It's been a rough ride for shareholders of International Business Machines (IBM -0.04%). The stock has been tumbling for the past few years, revenue and profits have been shrinking, and disruptive technologies and competitors appear to be eating away at the company's once-impenetrable economic moat.
But all is not lost for IBM. The company's transformation, while occurring more slowly than investors would like, is progressing, and IBM remains a wildly profitable company returning billions of dollars to shareholders each year. Going forward, here are three numbers that are important for investors to know.
Following IBM's fourth-quarter earnings report, the company has now reported year-over-year declines in revenue for 15 straight quarters. In 2015, the company generated just $81.7 billion of revenue, compared to nearly $107 billion in 2011. It's easy to look at this decline and balk at the idea of investing in IBM, but the details are important.
Much of IBM's revenue declines in recent quarters have had little to do with the operational performance of the business itself. Currency has been ravaging IBM's results, with a strong dollar driving down international revenue. During 2015, while reported revenue slumped 12%, revenue adjusted for both currency and businesses that IBM has divested fell by just 1%. That's not a stellar performance, but it's far from a disaster.
Here's how IBM's quarterly revenue growth has evolved over the past few years, both as reported and adjusted for currency and divestitures:
While revenue declines are never a good thing, it's clear from this chart that IBM's revenue woes are far less severe than the reported numbers suggest. IBM is in the middle of a dramatic transformation, shifting resources away from legacy businesses into areas like analytics and cloud, and while a return to growth may still be years away, revenue is holding up a lot better than the reported figures suggest.
Speaking of a dramatic transformation, IBM's strategic imperatives, which include analytics, cloud, security, mobile, and social, accounted for 35% of the company's total revenue during 2015, with the businesses collectively growing by 26% on an adjusted basis. Business analytics generated $17.9 billion of revenue, up 16%, cloud generated $10.2 billion of revenue, up 57%, and mobile revenue more than tripled.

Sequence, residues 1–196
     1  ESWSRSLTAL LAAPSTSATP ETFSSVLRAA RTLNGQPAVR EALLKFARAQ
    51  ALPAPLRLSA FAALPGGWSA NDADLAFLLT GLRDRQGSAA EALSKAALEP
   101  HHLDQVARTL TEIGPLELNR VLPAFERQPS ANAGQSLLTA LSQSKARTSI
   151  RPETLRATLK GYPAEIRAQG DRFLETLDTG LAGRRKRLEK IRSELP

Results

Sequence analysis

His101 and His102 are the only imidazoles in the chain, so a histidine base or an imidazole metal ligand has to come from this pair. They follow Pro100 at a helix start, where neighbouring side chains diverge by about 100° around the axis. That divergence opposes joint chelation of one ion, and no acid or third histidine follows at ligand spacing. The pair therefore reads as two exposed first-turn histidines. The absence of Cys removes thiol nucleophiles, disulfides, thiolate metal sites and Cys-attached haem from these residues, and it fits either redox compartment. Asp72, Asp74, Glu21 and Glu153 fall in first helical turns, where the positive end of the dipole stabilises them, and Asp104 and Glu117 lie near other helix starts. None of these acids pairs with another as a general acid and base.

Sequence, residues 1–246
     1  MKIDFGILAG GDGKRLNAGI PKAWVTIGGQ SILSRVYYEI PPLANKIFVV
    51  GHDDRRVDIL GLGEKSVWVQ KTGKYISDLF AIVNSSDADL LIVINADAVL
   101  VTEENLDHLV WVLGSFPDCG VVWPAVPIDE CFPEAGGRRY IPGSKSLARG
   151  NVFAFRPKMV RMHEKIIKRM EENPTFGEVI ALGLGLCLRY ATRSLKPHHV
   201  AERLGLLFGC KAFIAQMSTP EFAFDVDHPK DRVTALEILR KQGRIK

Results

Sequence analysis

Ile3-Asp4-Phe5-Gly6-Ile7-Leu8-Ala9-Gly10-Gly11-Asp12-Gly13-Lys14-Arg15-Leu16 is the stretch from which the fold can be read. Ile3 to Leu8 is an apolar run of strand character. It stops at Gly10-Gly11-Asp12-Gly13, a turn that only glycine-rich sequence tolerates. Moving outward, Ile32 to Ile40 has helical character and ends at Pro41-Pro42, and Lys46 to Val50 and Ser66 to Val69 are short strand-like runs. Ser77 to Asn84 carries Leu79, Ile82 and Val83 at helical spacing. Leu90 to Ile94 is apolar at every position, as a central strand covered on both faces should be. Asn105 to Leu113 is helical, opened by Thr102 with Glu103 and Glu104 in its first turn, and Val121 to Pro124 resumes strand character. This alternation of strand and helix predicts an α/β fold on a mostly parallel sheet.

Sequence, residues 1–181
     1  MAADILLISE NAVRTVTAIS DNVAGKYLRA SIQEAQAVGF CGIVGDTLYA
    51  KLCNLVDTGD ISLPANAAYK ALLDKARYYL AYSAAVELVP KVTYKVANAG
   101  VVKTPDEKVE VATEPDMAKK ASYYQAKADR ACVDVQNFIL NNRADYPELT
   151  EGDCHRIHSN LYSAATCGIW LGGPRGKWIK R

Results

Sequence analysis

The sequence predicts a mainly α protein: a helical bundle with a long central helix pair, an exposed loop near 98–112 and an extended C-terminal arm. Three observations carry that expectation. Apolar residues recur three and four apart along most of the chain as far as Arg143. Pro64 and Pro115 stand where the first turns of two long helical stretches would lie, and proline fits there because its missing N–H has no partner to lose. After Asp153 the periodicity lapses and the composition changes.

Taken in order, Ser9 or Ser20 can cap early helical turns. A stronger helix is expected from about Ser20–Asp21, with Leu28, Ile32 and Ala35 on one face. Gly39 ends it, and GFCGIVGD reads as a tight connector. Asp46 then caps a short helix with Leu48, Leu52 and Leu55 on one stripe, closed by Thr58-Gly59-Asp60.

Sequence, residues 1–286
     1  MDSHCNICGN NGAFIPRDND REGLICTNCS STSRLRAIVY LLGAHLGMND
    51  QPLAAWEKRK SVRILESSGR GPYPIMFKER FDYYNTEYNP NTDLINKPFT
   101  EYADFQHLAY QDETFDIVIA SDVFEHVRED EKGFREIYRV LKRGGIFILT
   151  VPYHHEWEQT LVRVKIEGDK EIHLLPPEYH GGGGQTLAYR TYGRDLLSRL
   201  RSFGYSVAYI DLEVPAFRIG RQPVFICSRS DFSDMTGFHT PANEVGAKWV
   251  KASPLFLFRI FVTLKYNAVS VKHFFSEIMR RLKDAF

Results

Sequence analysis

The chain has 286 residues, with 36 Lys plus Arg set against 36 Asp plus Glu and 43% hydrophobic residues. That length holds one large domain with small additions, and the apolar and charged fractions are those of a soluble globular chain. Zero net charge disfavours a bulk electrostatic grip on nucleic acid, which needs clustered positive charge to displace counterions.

The rest of IBM is shrinking as the company shifts resources toward these high-growth areas, so overall, revenue is declining. But over time, IBM expects to return to low-single-digit annual revenue growth, and the shift toward these strategic imperatives is expected to allow the company to grow pre-tax income at a faster mid-single-digit rate. Factoring in share buybacks, IBM expects high-single-digit EPS growth in the long run.
Hitting these long-term growth targets will take time, and investors will need to continue to be patient as IBM transforms its business. There's a real risk the company will fail; Warren Buffett stated in an interview on CNBC that he still believes buying IBM was the right decision, but that it could turn out to be a mistake. IBM has gone through major transformations before, but there's no guarantee the company will succeed this time.
One area IBM is increasingly focusing on is healthcare. CEO Ginni Rometty has called healthcare IBM's "biggest moonshot," and the size of the opportunity is vast. The global healthcare market is measured in the trillions of dollars, and the healthcare analytics market alone is expected to grow to $18.7 billion by 2020, up from just $5.8 billion in 2015, according to MarketsandMarkets.
IBM has made some major healthcare acquisitions, including the $2.6 billion purchase of Truven Health Analytics earlier this month, and the $1 billion purchase of medical image handling and processing company Merge Healthcare last year. Watson Health, IBM's business unit dedicated to using its Watson cognitive computing system in the healthcare industry, has forged various partnerships, with organizations like the American Heart Association and with companies like Under Armour, in order to apply Watson to various healthcare applications. At the Memorial Sloan Kettering Cancer Center, for example, Watson is being trained in an effort to provide personalized treatment plans for cancer patients, with the goal of improving patient outcomes.
If IBM can succeed in embedding Watson in the healthcare industry, making the technology indispensable and providing value by both lowering costs and improving patient outcomes, the company could have a major new source of revenue on its hands in the coming years.